Hasbro Layoffs 2023: What to Know About the Latest HAS Job Cuts


  • Hasbro (HAS) will cut 1,100 jobs and eliminate offices in Providence, Rhode Island. 
  • The layoffs are expected to affect about 20% of the workforce. 
  • HAS stock is down 21% in the year-to-date. 
Hasbro layoffs - Hasbro Layoffs 2023: What to Know About the Latest HAS Job Cuts

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Toymaker Hasbro (NYSE:HAS) cut its workforce by 20%, slashing over 1,100 jobs.

It is eliminating offices in Providence, Rhode Island, after seeing sluggish sales persist into the holidays. The company is based in nearby Pawtucket.

HAS stock fell nearly 5% after the announcement. The shares opened at $47.74, a market capitalization of under $6.7 billion.

Bad News is Bad News

Hasbro is best known for its action figures and board games like Monopoly. But it also owns Magic: The Gathering and the Dungeons & Dragons franchise. The company debuted a D&D movie in March that brought in $208 million at the global box office but failed to break even. Hasbro has since sold its movie unit to Lions Gate (NYSE:LGF-A, NYSE:LGF-B) for about $500 million.

CEO Chris Cocks, who tried to return the company to its toy-making roots, said the layoffs would save $100 million but cost $40 million in severance. He said Hasbro expected the first three quarters of 2023 to be “challenging,” with the market coming off pandemic-driven highs. But weak sales are persisting, he added.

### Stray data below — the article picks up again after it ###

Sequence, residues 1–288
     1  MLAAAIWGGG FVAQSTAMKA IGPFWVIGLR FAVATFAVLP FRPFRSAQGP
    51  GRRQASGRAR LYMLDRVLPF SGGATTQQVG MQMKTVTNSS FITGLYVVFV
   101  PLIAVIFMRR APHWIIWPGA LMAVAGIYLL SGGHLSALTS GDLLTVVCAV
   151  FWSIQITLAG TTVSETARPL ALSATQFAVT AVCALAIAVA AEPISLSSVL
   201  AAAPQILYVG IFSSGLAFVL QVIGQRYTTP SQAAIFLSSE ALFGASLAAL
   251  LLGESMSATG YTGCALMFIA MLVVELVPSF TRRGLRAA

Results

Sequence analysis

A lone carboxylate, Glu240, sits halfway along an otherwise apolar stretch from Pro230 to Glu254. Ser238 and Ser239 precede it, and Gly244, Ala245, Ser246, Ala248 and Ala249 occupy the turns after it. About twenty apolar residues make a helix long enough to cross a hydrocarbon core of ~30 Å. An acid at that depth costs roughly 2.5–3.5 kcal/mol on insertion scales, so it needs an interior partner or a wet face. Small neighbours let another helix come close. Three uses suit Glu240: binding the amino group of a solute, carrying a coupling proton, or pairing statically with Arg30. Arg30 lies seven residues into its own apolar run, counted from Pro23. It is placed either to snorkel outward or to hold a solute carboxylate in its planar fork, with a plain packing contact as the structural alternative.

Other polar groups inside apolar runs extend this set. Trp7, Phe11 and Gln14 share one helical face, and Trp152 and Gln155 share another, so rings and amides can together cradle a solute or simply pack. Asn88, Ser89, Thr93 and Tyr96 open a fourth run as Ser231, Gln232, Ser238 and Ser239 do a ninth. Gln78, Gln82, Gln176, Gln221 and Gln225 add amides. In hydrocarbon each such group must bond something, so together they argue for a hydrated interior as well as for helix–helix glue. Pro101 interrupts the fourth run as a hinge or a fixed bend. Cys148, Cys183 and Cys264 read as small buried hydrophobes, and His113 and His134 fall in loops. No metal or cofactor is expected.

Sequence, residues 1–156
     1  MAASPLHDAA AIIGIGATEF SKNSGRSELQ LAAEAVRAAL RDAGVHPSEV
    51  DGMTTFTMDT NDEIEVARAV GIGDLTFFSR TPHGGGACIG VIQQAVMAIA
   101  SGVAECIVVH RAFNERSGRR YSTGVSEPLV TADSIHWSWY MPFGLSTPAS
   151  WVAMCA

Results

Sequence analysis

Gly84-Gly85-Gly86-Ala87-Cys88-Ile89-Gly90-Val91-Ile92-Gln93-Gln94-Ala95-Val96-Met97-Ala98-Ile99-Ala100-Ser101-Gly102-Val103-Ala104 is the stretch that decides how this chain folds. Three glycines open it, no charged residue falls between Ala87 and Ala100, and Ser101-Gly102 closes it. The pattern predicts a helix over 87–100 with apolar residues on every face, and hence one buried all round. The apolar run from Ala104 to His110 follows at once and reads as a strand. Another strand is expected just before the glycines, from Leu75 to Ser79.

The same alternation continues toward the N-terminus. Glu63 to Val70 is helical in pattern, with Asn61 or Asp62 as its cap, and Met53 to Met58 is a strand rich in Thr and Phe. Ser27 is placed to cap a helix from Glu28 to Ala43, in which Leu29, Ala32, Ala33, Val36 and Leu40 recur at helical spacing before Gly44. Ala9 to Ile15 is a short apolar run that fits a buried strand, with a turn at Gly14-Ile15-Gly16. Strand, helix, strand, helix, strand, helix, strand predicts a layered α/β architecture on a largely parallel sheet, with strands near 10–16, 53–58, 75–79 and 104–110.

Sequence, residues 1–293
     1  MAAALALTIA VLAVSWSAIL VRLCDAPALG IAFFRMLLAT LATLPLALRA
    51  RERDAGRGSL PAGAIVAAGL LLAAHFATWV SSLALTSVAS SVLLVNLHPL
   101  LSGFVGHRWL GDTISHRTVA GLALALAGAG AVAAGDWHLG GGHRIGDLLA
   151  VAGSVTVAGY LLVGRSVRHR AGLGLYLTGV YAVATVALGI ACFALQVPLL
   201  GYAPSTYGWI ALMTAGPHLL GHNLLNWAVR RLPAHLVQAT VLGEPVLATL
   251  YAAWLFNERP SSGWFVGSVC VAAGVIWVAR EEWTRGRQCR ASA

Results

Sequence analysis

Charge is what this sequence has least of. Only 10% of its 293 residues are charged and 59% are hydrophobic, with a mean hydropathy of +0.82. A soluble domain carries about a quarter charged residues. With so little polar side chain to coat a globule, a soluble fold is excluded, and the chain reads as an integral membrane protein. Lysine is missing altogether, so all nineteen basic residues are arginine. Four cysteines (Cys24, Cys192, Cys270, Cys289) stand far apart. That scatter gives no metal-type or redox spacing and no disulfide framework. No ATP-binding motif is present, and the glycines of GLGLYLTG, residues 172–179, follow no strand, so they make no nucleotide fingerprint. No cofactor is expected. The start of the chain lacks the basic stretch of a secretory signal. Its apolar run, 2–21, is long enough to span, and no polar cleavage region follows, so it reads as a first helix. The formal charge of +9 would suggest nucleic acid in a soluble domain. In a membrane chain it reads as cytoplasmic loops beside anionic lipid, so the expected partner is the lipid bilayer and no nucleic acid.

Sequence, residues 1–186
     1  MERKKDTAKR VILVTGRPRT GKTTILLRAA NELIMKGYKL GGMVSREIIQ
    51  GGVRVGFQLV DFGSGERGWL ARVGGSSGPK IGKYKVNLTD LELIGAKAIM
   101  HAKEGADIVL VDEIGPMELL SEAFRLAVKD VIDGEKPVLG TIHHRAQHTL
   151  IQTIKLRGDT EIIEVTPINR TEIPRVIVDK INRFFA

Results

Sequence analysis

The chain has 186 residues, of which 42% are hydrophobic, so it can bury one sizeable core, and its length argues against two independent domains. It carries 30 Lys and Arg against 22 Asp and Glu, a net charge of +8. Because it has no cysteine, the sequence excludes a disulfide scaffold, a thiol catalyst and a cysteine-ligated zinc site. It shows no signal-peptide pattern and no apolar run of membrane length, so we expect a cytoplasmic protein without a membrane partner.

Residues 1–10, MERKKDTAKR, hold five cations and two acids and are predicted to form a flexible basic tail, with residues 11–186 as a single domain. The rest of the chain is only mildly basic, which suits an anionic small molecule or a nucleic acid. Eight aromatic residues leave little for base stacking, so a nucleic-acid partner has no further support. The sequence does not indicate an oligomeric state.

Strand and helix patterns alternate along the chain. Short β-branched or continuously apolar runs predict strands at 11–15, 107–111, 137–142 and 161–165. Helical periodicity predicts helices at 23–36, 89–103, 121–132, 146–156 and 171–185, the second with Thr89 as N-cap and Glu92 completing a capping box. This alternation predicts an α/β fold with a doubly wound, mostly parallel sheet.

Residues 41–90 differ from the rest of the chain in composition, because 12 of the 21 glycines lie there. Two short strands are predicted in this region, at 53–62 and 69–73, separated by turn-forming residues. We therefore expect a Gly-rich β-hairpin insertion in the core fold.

HAS stock did well during the pandemic, briefly topping $100 per share. But the end of the acute stage of the pandemic sent people outside. Hasbro sought to prepare for that and laid off 800 workers early this year. A year ago, it had 6,300 employees. Cocks said he expects business weakness to persist into next year.

HAS stock is now down 20% for the year. It’s a contrast to rival Mattel (NYSE:MAT), up 6% for the year on the strength of the Barbie movie. Mattel and Hasbro now have nearly identical market caps, whereas Hasbro’s broader product line had it well ahead a year ago.

HAS Stock: What Happens Next?

Toys are becoming a media business. But media is a business for media people. Hasbro’s effort to manage its own media brands failed. Mattel found success by handing Barbie off to director Greta Gerwig.

As of this writing, Dana Blankenhorn did not hold (either directly or indirectly) any positions in the securities mentioned in this article. The opinions expressed in this article are those of the writer, subject to the InvestorPlace.com Publishing Guidelines.

Dana Blankenhorn has been a financial and technology journalist since 1978. He is the author of Technology’s Big Bang: Yesterday, Today and Tomorrow with Moore’s Law, available at the Amazon Kindle store. Tweet him at @danablankenhorn, connect with him on Mastodon or subscribe to his Substack.

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